1. In c++ I'd use a struct/class (call it c_score) with the attributes being name/score/class. I'd then have a sort function that takes a function pointer and a vector<c_score>. There'd be three function pointer, each describing how to sort a vector<c_score> by a particular attribute e.g. name, score, class.
2. In most other languages there is a sorted-set data structure, that can be used to efficiently store the results in whatever order you like.
3. If you use a database then you can just use "select * from table order by score/class/name". Not efficient but will work.
4. In .NET2.0+ (C#/VB) you can do option 3 but in memory (LINQ); so faster.
3. If you use a database then you can just use "select * from table order by score/class/name". Not efficient but will work.
You mean to tell me SQL is not efficient? I beg to differ. SQL is efficient, that's why so many people use it as a primary method for data storage. And Linq is fast, but not that fast when compared to using something like the quick sort algorithm.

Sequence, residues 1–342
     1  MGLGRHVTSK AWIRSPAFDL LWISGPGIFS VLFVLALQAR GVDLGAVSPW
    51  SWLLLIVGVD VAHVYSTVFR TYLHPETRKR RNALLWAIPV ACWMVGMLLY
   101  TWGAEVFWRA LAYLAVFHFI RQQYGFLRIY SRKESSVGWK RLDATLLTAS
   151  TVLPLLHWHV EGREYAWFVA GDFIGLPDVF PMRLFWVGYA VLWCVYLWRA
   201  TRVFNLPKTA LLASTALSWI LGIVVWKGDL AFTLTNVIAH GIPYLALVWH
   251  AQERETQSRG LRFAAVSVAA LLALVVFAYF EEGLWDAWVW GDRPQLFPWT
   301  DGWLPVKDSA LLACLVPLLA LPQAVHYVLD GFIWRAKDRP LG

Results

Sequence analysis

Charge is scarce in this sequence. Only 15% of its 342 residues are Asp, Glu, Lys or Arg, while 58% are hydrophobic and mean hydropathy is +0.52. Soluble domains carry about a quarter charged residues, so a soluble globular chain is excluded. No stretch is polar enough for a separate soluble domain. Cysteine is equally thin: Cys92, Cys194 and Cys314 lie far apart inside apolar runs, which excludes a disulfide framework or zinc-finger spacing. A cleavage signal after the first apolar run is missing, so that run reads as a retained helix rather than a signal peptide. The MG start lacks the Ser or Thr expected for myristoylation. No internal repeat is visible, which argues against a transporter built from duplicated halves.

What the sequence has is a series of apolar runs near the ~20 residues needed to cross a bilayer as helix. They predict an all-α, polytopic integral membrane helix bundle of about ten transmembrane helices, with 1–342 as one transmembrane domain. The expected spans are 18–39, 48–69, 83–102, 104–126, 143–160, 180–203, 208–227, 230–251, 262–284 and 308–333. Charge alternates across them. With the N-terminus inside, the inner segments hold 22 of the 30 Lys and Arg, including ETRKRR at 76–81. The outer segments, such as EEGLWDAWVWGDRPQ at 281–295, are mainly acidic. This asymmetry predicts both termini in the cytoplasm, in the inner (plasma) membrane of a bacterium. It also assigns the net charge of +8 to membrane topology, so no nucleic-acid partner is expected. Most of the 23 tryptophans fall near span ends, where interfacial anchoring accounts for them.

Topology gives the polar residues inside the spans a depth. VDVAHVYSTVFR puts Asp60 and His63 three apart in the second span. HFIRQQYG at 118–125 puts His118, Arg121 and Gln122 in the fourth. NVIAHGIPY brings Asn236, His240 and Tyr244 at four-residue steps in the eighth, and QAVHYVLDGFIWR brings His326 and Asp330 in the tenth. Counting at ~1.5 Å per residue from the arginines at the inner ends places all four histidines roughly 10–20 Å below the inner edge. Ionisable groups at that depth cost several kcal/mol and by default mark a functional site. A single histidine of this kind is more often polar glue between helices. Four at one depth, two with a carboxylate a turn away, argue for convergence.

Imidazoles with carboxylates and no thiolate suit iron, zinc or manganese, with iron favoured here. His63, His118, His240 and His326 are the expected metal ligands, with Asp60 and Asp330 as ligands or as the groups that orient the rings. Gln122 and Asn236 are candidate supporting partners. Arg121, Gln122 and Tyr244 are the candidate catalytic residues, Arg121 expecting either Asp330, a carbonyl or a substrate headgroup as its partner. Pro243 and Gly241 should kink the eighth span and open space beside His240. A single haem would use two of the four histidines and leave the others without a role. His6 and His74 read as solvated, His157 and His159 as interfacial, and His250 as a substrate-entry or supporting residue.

Quick sort is superior for sorting. I'm sure the SQL [order by] clause uses quick sort or something similar to order the items.
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elohssa
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(Original post by Async)
You mean to tell me SQL is not efficient? I beg to differ. SQL is efficient, that's why so many people use it as a primary method for data storage. And Linq is fast, but not that fast when compared to using something like the quick sort algorithm.
Quick sort is superior for sorting. I'm sure the SQL [order by] clause uses quick sort or something similar to order the items.
I was referring to reading from the hard-drive, not what algorithm the SQL interpreter (SQL is just a language; it's neither fast nor slow) uses internally. LINQ is in-memory and probably uses some kind of generic quick-sort internally.
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Async
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(Original post by elohssa)